I haven’t read the first two books in this series but I will definitely be remedying that as I was completely captivated by the characters and fascinated with the world. Marnee Blake created an exciting world that is the stuff of comic book heroes, with wonderful characters and some unique elements that add spice to her story and she brought it all to picture perfect life with well written words that make it easy for readers to imagine every last detail. So, I will be reading the ones I missed and looking forward to reading more from Marnee Blake.

 

 

 

Absolved is the 3rd book in the Altered series.

 

Absolved is available in print or ebook at:

Amazon    B&N   Kobo   GPlay   iBooks   eBooks

 

Marnee Blake can be found at:

Website   Goodreads   BookBub   Facebook   Twitter   Pintrest   Instagram

 

 

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review 2018-02-09 22:36
Dangerous - Shannon Hale

This was great. The setup is diverse science-geek kids become a Power-Rangers-style team of superheroes with mysterious alien-derived powers. Then it goes somewhere different.

 

Some cool things it included:


-caring parents that remain present and supportive
-kids with goals/girls w/ STEM goals they're pursuing
-decent representation across genders, races, abilities, nationalities & economic statuses
-everyone has a nuanced backstory
-it's not just another 'yay team' clone

-MC is homeschooled (but not a genius), multi-lingual & multi-racial, lost her hand at birth, designs her own prosthetics

 

There was a dizzying whirlwind of plot, and I think this could have been split into a duology given the amount of twists and developments. I inhaled it almost in a single sitting. Really entertaining and a lot of fresh takes on tropes while still checking all the boxes for thriller/SF/superhero story. So different than Hale's fairytale retellings, but just as excellent.

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text 2018-02-01 00:56
January in Review

January in Review

(Read: 5 / Reviewed: 9)

It's certainly been an interesting, if not a long, month! Phew, I thought January would never end! Fortunately I got through some great books and was able to write two reviews each week. This new routine really helped me stay on top of things. Let's take a look at all the bookish goodness, shall we?

Read

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Splatterpunk Fighting Back by (multiple) - This analogy has eleven individual stories written by different authors. Going in, I was only vaguely familiar with Duncan Ralston, having previously finished Woom. I never would've discovered this had it not been for Horror Aficionados on Goodreads, of who appointed it the January group read with author invite. I was lucky enough to ask some of the authors questions whilst trying to gain more insight into their brutal tales, and I had a blast! The best thing, though? All proceeds of this book go to charity! (Rated: 4/5)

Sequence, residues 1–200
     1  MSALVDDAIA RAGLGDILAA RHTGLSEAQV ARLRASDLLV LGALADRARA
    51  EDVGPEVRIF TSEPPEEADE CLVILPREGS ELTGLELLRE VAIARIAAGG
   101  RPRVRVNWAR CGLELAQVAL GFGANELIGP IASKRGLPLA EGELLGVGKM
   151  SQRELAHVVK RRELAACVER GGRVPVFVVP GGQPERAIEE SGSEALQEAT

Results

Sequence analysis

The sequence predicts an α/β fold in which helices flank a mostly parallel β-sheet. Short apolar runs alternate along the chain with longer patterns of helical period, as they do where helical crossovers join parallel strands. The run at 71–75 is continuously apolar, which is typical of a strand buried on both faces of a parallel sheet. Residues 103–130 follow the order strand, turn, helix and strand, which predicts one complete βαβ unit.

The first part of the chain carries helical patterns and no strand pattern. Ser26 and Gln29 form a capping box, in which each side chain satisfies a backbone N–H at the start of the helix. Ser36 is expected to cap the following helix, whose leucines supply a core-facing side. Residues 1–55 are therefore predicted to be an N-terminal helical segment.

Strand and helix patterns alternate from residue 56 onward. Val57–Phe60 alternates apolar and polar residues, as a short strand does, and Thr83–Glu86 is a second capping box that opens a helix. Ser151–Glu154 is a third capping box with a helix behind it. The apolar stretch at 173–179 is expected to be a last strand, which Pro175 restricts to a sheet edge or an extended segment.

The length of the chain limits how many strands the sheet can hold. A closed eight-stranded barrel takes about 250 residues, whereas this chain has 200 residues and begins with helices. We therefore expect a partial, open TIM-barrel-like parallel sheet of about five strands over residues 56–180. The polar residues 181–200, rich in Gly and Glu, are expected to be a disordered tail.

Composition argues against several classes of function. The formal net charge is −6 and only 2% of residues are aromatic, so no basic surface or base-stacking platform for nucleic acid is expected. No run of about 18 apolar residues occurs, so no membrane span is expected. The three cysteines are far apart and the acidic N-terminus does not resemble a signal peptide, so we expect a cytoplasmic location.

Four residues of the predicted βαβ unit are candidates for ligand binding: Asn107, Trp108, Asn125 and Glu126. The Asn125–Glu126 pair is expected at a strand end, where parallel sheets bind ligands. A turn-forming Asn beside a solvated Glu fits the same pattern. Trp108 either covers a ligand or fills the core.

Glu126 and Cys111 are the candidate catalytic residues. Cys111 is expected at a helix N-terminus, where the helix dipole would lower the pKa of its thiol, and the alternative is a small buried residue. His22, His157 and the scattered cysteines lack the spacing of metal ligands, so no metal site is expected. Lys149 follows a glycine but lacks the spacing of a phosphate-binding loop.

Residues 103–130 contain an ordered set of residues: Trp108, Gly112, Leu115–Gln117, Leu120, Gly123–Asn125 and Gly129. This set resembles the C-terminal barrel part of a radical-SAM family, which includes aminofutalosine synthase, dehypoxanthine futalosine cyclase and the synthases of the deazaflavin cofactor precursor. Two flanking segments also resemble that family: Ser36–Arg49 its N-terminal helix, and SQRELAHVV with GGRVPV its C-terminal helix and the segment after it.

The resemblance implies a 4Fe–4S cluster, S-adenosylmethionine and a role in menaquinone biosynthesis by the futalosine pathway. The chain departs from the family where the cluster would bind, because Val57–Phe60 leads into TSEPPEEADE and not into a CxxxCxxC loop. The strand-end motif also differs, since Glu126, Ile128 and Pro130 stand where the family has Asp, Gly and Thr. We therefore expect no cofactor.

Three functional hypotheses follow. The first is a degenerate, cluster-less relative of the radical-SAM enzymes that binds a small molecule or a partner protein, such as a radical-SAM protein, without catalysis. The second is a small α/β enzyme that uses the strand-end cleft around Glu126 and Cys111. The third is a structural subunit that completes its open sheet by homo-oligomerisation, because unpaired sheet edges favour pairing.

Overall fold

A Head Full of Ghosts by Paul Tremblay - Another one I wouldn't have picked up if not for the Horror Aficionados group. Being the January group read, I was pleasantly surprised by this one! (Rated: 4/5)

The Darkest Torment by Gena Showalter - I started this long-running series in 2011, and it's still ongoing. Whilst I really enjoyed it at the beginning, my enjoyment waned several instalments ago, however I can't just give up without finishing it, can I? Ludicrous! (Rated: 2/5)

What Hides Within by Jason Parent - I found this on Netgalley, and I'm glad I did! Bloodshot Books accepted my request, and I promptly read and reviewed it. (Rated: 4/5)

Morium by S.J. Hermann - I was requested to read and review this novel by the author. Being my last read of January, this one takes priority and will be the first review of February. See my request information here. (Rated: 3/5)

 

Reviewed 

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Blood Song by Cat Adams (WORST READ)
Lockdown by Alexander Gordon Smith
The Taste of Night by Vicki Pettersson
Stephen by Amy Cross
The Devil’s Work by Mark Edwards
Blood Moon by Graeme Reynolds (BEST READ)
Woom by Duncan Ralston
What Hides Within by Jason Parent
Dark Space by Kevis Hendrickson

Other than that, January was a decent month for me personally. I'm enjoying reading more, getting out more, and generally trying to put more effort into my day-to-day life. I thank everyone who made this past month all the better, including the wonderful authors I had the chance to speak to! Here's hoping for a book-tastic February!

Red xx

Source: redlace.reviews/2018/01/31/january-in-review